“A Long Day’s Journey into Night” review

WESTON, Vt. – “A Long Day’s Journey Into Night” by Eugene O’Neill is the tale of one day in the life of James Tyrone and his Irish Catholic family. This story is actually O’Neill’s autobiography. Actor Derek Smith plays James. The setting is the summer home along the coastline where the sound of the foghorn and the layers of fog enfold the cottage. Mr. Tyrone is a retired famous actor who at one time toured throughout the United States with his wife Mary. Because his father abandoned him at a young age, he was forced into supporting himself, manifesting in a frugal lifestyle.


play review
Long Day’s Journey into Night performance at Weston Playhouse. Photo by Hubert Schriebl

The play begins with Mary, played by Kathryn Meisle, returning home after treatment at a sanatorium for her addiction to morphine. The drug was first prescribed 20 years earlier to relieve the pain after childbirth. However, she is in denial of her dependence and believes that because of her rheumatoid hands she still needs the drug for discomfort. Also she blames James for much of her unhappiness. Because of his stinginess, Mary accuses her husband of sending her to an inferior doctor for her postpartum discomfort. She longs for a real home instead of all the various hotels they stayed at while he was touring. After spending her youth pursuing the vocation of a nun and a concert pianist, she acknowledges her love for her husband. However, she also blames him for giving up on her dreams.

The youngest son, Edmond, played by Andrew Veenstra, is portrayed as suffering from consumption (tuberculosis). Mary perceives his frequent coughing fits as simply a bad cold. Since her father died from the same disease she refuses to admit that Edmond’s illness could possibly be anything worse. Throughout a great portion of this day, the family is awaiting word on a diagnosis, again by a mediocre doctor. His stingy father will not take him to a more capable and expensive physician. Even though he knows alcohol is harmful to his illness, Edmond continues to consume several tumblers of whiskey during the day and into the night.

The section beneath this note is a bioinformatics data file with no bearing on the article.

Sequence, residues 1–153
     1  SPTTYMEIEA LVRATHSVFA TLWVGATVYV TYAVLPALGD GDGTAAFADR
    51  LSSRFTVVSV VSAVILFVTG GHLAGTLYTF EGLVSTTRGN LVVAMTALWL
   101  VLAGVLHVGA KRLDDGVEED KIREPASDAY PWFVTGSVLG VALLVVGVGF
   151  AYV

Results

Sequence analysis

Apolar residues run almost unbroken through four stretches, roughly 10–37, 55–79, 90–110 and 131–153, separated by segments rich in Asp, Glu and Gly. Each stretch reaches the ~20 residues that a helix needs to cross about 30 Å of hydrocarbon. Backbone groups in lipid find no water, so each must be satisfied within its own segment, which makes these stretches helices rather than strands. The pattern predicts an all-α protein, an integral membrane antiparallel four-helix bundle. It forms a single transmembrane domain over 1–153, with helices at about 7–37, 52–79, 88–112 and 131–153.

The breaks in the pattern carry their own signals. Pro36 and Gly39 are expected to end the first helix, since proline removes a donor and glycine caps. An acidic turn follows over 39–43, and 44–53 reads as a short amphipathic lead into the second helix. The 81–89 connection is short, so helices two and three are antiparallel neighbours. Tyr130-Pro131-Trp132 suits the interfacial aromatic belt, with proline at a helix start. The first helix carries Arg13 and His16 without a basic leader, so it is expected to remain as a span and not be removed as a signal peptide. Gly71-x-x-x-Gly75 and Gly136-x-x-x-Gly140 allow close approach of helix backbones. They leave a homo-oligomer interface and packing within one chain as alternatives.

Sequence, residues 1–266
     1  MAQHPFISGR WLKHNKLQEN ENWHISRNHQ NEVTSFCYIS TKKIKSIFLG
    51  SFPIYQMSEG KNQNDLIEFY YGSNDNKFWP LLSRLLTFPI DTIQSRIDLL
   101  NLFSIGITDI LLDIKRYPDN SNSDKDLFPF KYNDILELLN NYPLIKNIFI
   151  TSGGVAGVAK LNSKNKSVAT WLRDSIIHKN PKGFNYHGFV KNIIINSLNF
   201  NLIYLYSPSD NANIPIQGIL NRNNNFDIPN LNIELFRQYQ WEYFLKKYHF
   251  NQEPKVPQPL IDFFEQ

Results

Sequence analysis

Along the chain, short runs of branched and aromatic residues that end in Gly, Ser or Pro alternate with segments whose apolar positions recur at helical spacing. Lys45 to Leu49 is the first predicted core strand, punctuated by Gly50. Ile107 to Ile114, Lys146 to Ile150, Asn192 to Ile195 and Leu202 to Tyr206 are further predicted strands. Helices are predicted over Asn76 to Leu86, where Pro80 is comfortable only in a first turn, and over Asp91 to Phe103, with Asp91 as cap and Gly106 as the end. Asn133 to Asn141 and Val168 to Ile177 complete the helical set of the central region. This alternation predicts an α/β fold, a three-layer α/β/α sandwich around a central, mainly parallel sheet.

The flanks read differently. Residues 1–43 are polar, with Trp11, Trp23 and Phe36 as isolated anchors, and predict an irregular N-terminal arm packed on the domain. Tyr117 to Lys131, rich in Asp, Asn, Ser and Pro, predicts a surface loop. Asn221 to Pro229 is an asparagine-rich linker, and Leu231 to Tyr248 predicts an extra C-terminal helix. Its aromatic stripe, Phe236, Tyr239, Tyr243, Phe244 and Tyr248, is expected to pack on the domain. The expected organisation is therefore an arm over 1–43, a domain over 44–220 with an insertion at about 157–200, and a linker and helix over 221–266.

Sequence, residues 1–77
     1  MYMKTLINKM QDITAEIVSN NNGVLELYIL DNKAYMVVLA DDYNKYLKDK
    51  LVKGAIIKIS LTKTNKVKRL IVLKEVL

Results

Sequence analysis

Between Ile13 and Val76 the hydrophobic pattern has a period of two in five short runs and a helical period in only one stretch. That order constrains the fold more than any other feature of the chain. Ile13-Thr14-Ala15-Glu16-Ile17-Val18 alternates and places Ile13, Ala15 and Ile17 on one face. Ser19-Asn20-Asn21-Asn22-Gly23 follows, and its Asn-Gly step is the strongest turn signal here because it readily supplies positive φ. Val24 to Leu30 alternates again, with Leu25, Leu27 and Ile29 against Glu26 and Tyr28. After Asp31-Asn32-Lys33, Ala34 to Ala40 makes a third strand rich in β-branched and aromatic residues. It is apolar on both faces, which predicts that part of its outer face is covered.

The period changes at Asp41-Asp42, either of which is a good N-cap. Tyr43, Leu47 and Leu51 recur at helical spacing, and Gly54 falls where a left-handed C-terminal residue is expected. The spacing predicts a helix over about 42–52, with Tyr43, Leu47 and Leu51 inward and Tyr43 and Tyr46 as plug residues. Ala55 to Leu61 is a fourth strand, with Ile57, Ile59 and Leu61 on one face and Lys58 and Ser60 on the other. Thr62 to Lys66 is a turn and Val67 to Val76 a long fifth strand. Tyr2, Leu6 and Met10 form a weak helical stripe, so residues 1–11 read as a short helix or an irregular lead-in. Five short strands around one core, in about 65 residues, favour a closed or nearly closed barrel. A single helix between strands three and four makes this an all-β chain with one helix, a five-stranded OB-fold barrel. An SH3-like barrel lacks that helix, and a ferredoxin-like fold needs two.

Jamie Tyrone, played by Liam Craig, is the eldest son. He is such a disappointment to his father because of his lack of ambition. He is supported by his dad but spends his money on women and whiskey. After spending time with an overweight prostitute, Jamie returns home drunk and confronts his relationship with his brother Edmond. He admits to his love-hate bond with his brother Edmond, acknowledging his jealously and resentment.

The family maid is Cathleen, played by Piper Goodeve. She spends some time in the afternoon listening to Mary reminisce about her childhood. She accompanies Mary into town and even obtains Mary’s morphine drug at the pharmacy. She also enjoys a swig or two of a wee dram.

This is a story of substance abuse, specifically of morphine and alcohol, and the complications that addiction has on a family’s dynamics. There is always the tendency to blame one’s shortcomings on everyone else, never realizing that one’s own troubles can be attributed to a dependency on painkillers.

play review
Weston Playhouse’s performance.Photo by Hubert Schriebl

This play is considered Eugene O’Neil’s masterpiece. He won the Nobel Prize in literature and was awarded his fourth Pulitzer Prize posthumously for “Long Day’s Journey Into Night.” He also received a Tony award for Best Play.

“A Long Day’s Journey into Night” is a Eugene O’Neill classic and is worth seeing. It’s still running through Sept. 3 at the Weston Playhouse on the Village Green at 12 Park Street in Weston. Show times are Tuesday through Saturday at 7:30 p.m., Wednesday and Saturday matinees at 2 p.m., and Sunday matinees at 3 p.m. Tickets can be purchased by calling the box office from 10 a.m. to 6 p.m. at 802-824-5288 or by visiting westonplayhouse.org.


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